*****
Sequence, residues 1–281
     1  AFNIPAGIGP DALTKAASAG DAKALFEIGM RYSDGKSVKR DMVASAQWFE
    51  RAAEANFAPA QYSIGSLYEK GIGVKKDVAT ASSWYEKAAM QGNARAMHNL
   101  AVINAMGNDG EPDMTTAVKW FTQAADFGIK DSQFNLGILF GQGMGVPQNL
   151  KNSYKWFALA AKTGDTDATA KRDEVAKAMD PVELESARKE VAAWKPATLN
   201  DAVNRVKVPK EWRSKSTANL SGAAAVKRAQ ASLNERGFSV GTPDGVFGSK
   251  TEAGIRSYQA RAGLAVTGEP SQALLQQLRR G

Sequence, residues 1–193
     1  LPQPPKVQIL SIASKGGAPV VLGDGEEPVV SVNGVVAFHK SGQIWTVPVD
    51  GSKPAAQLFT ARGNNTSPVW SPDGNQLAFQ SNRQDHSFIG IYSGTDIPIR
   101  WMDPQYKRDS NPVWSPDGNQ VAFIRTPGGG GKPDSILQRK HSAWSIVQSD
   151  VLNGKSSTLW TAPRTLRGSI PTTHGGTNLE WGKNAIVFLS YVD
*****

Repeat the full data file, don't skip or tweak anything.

Sequence, residues 1–281
     1  AFNIPAGIGP DALTKAASAG DAKALFEIGM RYSDGKSVKR DMVASAQWFE
    51  RAAEANFAPA QYSIGSLYEK GIGVKKDVAT ASSWYEKAAM QGNARAMHNL
   101  AVINAMGNDG EPDMTTAVKW FTQAADFGIK DSQFNLGILF GQGMGVPQNL
   151  KNSYKWFALA AKTGDTDATA KRDEVAKAMD PVELESARKE VAAWKPATLN
   201  DAVNRVKVPK EWRSKSTANL SGAAAVKRAQ ASLNERGFSV GTPDGVFGSK
   251  TEAGIRSYQA RAGLAVTGEP SQALLQQLRR G

Sequence, residues 1–193
     1  LPQPPKVQIL SIASKGGAPV VLGDGEEPVV SVNGVVAFHK SGQIWTVPVD
    51  GSKPAAQLFT ARGNNTSPVW SPDGNQLAFQ SNRQDHSFIG IYSGTDIPIR
   101  WMDPQYKRDS NPVWSPDGNQ VAFIRTPGGG GKPDSILQRK HSAWSIVQSD
   151  VLNGKSSTLW TAPRTLRGSI PTTHGGTNLE WGKNAIVFLS YVD